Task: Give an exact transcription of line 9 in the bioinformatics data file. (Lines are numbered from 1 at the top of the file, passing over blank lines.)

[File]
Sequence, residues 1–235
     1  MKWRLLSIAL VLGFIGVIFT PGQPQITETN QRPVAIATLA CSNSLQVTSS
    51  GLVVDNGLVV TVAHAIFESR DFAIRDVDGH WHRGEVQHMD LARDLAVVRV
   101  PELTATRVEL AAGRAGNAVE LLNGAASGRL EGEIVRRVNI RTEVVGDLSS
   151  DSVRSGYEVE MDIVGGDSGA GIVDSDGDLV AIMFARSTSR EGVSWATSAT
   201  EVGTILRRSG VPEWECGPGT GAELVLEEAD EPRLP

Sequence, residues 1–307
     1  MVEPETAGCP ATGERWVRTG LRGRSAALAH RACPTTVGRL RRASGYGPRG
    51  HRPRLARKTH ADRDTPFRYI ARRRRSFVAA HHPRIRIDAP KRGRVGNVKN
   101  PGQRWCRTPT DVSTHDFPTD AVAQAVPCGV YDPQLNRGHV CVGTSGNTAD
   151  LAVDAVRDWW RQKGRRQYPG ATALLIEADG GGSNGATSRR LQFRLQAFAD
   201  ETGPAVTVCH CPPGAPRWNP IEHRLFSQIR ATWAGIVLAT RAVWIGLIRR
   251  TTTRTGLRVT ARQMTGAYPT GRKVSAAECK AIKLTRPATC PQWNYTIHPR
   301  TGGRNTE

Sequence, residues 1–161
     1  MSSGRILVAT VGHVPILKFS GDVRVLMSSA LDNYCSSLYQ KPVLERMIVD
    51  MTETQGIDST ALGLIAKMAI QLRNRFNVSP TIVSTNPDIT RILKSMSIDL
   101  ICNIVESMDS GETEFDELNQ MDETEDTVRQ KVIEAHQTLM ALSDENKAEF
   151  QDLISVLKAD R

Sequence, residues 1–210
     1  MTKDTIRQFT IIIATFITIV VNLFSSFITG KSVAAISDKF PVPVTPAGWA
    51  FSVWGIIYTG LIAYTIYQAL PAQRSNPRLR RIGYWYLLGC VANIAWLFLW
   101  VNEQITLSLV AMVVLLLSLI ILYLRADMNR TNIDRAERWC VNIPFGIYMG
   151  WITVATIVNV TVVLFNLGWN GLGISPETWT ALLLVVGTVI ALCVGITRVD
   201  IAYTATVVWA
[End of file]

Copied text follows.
    51  HRPRLARKTH ADRDTPFRYI ARRRRSFVAA HHPRIRIDAP KRGRVGNVKN